Opened Friday, May 27, 1977:
Calumet City (Chicago): [Plitt] River Oaks ***
Chicago: [Plitt] Esquire **
Lombard (Chicago): [GCC] Yorktown ***
Northbrook (Chicago): [Lubliner & Sterns] Edens **
Des Moines: [Dubinsky] River Hills **
Creve Coeur (St Louis): [Wehrenberg] Creve Coeur **
Omaha: [Douglas] Cinema Center **
Dayton: [Chakeres] Dayton Mall **
Dallas: [GCC] Northpark I&II ***
Houston: [GCC] Galleria ***
An immediate sensation, “Star Wars” accumulated incredible per-screen averages and broke numerous box office and attendance records at the few locations lucky enough to have been playing the movie. The film industry was in shock, and exhibitors everywhere couldn't wait to get their hands on a print. The film’s distributor, 20th Century-Fox, quickly added one extra engagement in each of the Los Angeles, New York, and Cincinnati markets, as well as starting two engagements in Honolulu. Fox had the lab cranking out prints as fast as they could as they accelerated their plans for a broad, nationwide release.
The expanded release began with over 100 new engagements added throughout the U.S. during the week beginning June 15, with additional engagements added each week throughout the summer. At its peak in August and September of 1977, “Star Wars” was playing in approximately 1,100 theatres in the United States and Canada, and was well on its way to surpassing “Jaws” (1975) and becoming the new all-time box office champ. In the fall of ’77, “Star Wars” began its engagements in foreign countries under such titles as "Guerre Stellari," "Krieg Der Sterne," and "La Guerra De Las Galaxias."
Why So Few Theatres?
Why was “Star Wars” released initially to so few theatres when, in retrospect, the movie seemed like such a sure-fire hit?
“No one knew it was going to be a big hit,” remembers Ben Burtt, who was responsible for Special Dialogue & Sound Effects on “Star Wars.” “Nowadays, we take for granted that a big blockbuster will go out with thousands of prints... and open in May. But back then the summer special effects blockbuster did not exist.”
In the 1997 book “Empire Building: The Remarkable Real Life Story Of Star Wars,” former Fox executive Gareth Wigan offered an explanation: “ ‘Star Wars’ only opened in forty theaters because we could only get forty theaters to book it. That's the astonishing thing.”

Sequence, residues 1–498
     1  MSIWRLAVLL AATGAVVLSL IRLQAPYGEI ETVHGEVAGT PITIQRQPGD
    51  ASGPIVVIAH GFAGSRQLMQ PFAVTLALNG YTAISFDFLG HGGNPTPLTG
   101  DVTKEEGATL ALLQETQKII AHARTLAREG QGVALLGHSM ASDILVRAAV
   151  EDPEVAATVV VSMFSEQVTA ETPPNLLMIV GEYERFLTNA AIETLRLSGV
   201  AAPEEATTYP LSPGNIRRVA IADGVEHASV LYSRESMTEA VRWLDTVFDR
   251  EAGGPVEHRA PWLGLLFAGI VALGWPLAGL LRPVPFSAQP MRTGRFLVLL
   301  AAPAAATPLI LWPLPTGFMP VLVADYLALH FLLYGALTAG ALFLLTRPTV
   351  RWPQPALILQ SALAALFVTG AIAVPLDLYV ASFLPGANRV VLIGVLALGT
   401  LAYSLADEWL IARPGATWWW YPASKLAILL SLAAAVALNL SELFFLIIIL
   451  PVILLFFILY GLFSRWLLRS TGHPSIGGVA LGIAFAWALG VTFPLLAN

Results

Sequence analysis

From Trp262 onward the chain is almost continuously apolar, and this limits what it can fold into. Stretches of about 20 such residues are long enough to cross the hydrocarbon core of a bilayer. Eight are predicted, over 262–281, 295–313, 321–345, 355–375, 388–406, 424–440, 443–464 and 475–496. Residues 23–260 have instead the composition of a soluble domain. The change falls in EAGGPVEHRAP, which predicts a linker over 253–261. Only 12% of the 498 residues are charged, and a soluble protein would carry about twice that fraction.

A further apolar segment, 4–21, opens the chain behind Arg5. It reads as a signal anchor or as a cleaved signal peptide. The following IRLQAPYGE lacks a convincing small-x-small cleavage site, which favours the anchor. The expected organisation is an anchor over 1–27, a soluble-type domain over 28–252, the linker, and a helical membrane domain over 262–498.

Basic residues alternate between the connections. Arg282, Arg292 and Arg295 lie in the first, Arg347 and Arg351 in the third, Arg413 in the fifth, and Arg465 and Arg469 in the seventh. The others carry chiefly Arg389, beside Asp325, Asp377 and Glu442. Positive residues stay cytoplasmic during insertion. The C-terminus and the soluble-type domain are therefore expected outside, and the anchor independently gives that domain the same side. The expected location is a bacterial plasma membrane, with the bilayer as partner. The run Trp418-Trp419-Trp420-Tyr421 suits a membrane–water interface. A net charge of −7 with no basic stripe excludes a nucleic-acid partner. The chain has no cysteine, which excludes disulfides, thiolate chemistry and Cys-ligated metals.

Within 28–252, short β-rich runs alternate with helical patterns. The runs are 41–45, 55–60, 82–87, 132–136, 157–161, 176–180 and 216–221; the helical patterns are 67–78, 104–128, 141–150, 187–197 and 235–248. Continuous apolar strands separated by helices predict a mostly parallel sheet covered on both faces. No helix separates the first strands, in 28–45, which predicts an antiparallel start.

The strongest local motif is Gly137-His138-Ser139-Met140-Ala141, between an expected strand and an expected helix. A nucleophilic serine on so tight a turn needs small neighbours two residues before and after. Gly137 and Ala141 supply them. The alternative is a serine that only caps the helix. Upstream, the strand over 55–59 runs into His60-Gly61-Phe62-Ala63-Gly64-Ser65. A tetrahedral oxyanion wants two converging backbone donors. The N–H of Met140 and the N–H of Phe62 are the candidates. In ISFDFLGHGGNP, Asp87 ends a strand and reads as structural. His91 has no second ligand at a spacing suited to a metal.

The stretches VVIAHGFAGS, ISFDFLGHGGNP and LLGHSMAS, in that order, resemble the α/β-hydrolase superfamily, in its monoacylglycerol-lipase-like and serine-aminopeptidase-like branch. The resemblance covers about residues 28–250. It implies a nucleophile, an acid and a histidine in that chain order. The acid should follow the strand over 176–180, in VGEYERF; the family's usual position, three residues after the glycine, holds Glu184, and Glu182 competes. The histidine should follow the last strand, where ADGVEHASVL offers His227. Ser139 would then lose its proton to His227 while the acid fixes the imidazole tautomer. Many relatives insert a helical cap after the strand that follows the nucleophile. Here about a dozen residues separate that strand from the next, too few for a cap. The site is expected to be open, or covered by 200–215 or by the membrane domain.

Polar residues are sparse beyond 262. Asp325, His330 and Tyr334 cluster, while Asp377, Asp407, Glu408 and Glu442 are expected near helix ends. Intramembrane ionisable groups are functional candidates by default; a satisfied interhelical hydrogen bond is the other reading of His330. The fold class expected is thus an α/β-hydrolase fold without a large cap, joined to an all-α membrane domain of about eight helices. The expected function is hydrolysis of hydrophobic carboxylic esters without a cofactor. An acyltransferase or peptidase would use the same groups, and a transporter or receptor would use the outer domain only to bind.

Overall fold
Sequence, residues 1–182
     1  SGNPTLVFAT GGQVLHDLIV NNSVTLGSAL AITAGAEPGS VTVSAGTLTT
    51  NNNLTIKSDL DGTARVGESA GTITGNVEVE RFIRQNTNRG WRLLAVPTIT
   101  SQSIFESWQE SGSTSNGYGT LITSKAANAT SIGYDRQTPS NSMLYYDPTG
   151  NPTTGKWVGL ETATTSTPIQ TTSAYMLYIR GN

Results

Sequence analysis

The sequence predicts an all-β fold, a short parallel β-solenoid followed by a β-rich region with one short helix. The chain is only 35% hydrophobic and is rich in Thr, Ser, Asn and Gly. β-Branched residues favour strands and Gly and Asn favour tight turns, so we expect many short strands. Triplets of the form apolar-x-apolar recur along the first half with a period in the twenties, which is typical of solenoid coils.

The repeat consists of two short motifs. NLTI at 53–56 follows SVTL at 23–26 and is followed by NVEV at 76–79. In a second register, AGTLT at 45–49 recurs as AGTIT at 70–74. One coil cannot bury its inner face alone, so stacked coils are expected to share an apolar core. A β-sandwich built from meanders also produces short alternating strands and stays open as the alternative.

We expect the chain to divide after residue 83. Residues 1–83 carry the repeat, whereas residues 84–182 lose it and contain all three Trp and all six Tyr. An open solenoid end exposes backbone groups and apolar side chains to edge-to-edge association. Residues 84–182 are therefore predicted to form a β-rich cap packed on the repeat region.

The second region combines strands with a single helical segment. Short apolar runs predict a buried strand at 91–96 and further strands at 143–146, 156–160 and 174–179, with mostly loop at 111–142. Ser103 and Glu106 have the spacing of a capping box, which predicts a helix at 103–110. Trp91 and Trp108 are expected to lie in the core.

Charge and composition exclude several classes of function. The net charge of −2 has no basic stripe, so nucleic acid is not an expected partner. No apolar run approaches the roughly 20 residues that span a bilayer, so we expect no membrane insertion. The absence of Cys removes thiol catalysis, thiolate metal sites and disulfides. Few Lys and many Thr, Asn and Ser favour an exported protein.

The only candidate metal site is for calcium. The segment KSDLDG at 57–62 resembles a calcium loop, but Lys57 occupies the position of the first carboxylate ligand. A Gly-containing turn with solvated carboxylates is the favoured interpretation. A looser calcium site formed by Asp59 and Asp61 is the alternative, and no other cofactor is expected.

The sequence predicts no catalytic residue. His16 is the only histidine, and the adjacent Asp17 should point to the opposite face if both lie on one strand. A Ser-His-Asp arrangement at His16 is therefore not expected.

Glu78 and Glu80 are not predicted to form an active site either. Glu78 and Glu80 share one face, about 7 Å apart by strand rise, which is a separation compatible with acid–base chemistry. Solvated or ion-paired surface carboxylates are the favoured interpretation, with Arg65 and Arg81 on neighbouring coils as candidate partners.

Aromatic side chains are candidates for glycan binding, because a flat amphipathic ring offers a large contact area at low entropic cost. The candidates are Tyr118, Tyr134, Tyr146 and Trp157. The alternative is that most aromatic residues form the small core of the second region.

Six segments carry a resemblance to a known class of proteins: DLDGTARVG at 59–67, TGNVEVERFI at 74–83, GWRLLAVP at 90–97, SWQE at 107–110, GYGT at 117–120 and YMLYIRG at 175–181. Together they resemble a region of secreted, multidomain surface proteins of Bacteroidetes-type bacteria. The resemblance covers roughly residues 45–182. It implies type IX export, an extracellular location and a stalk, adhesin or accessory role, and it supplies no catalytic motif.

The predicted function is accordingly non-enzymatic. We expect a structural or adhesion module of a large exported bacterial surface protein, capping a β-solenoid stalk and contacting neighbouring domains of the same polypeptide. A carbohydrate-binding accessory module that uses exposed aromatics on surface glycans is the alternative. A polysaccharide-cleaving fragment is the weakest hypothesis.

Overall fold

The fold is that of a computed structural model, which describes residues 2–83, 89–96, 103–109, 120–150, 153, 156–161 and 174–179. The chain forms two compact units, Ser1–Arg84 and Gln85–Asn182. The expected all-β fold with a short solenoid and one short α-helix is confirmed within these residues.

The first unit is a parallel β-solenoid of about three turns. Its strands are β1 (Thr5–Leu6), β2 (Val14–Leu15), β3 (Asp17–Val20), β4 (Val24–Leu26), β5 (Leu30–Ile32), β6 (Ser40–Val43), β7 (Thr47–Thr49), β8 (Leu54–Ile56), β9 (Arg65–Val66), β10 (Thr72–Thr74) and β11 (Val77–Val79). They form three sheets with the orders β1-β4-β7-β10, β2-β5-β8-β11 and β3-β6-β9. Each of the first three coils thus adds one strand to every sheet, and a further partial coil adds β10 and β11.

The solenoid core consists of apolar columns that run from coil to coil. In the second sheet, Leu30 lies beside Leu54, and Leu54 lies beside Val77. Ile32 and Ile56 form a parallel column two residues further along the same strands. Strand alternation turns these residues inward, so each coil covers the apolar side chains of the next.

Although there were certainly fewer movie theatres in operation during the 1970s compared with today, a wide release of a mainstream, non-specialized film at that time typically meant a few hundred engagements. To illustrate just how low the number of theatres was in which “Star Wars” opened, even by 1977 standards, here is for comparison a sample of some of the highly-anticipated films from the spring and summer of 1977 followed by the opening-week number of engagements.
The Spy Who Loved Me (200+)
Smokey And The Bandit (300+)
A Bridge Too Far (400+)
New York, New York (400+)
The Other Side Of Midnight (500+)
Exorcist II: The Heretic (700+)
The Deep (800+)
In “The Unauthorized Star Wars Compendium” (1999), Charles Lippincott, former Lucasfilm Ltd. Vice President for Advertising, Publicity, Promotion and Merchandising, mentioned that “If the film was redone today, on the basis of the way movies are released with a couple of thousand prints, it probably would have been unsuccessful. Theaters didn't want the movie. We were lucky to get thirty theaters to open it.” Lippincott also remarked on the importance and prestige of getting booked in a major Hollywood theatre and the difficulty Fox faced in finding such a venue for “Star Wars.” “At that time, Hollywood Boulevard was still very important for opening films. We only got on Hollywood Boulevard because the new Billy Friedkin film [‘Sorcerer’] wasn't ready yet. It was supposed to be ready by May 25 but wasn't, and we were given a month in the Chinese. It was the only way we got into Grauman's.”
In contrast with the belief shared by many that “Star Wars” was a tough sell to exhibitors, at least a few people at 20th Century-Fox had a hunch the movie could be a hit if marketed carefully and given a prestige-style platform release, specifically keeping the number of engagements limited to key markets during the initial weeks of release. (Films during 1977 given successful platform releases included “Julia,” “The Turning Point,” and “Close Encounters Of The Third Kind.”) Peter Myers, Vice President of Domestic Distribution for Fox at the time, first saw “Star Wars” in a test screening three months before scheduled release. He was very impressed, and contemplated the best approach to marketing the film. “The answer,” Myers revealed to the Associated Press shortly following the movie's opening, “was to position the picture in the proper theaters and give it the proper presentation so the people themselves could discover it and spread the word.”